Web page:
ISSN (Print) - 0012-9976 | ISSN (Online) - 2349-8846

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Exposure of War Crimes

Wikileaks treads where mainstream media does not and reveals evidence of war crimes in Afghanistan.

Nearly 92,000 documents on the North Atlantic Treaty Organisation (NATO)-led war in Afghanistan, including many “secret” filings by United States (US) army personnel, embassy workers, and secret service officers based in that country have been released by the online whistle-blower web site Wikileaks through three major mainstream newspapers, The Guardian, the Der Spiegel and The New York Times. Much of the released information corroborates what has been known about the situation in Afghanistan – that the NATO forces have been involved in many civilian deaths, that the Pakistani intelligence agency, the Inter-Services Intelligence (ISI), has acted in favour of the Taliban and that the Taliban has grown in strength in recent years. The documents cover reports from January 2004 to December 2009 and also indicate incidents of corruption and drug dealing featuring Afghan government officials.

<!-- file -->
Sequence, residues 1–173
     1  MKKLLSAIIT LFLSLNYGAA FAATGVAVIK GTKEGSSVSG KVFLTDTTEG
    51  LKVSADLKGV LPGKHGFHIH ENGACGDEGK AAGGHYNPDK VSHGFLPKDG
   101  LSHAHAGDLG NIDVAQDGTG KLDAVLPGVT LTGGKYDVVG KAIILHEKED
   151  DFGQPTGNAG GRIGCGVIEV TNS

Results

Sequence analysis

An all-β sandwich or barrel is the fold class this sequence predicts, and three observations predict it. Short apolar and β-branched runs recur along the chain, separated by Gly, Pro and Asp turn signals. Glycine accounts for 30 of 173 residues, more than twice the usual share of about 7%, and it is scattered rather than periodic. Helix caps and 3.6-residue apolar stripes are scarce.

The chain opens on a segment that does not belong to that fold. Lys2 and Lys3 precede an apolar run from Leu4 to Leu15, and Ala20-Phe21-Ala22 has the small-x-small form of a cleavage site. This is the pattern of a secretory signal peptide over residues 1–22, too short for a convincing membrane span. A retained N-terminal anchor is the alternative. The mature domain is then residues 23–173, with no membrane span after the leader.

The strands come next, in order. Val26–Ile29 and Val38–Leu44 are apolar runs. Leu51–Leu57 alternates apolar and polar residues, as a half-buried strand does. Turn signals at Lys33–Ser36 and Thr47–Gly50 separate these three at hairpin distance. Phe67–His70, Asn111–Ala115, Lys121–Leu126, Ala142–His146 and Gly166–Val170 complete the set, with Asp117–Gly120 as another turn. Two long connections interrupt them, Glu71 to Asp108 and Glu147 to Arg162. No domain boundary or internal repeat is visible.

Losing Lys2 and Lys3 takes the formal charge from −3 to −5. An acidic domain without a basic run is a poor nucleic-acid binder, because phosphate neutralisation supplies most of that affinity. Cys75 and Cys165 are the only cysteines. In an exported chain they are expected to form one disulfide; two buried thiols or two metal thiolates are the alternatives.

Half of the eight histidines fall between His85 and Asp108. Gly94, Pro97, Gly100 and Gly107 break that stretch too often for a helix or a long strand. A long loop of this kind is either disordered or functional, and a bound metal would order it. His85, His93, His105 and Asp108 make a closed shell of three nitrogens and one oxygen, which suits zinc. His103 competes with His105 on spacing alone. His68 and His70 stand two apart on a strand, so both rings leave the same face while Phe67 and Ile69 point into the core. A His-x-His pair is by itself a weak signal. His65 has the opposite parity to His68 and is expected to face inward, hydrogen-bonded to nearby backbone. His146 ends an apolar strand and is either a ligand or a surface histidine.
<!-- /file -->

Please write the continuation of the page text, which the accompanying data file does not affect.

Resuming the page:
Diligent war correspondents and dissident reporters in the west have repeatedly highlighted the failures of the US-led war effort and that of the Afghan government propped up by the coalition forces to restore normalcy in the strife-torn country. And how crimes committed by these forces against innocent civilians – through bombing by aircraft, “panic-killing” and “special forces’ raids” – have exacerbated the situation. Such documentation has been suppressed by the western media, which has been shamelessly shy of going against the establishment in the respective countries. This was true of the coverage of the Iraqi invasion as well. Not just the media, the entire political establishment with a few heroic exceptions has been complicit in hiding the gross failures of NATO in Afghanistan.

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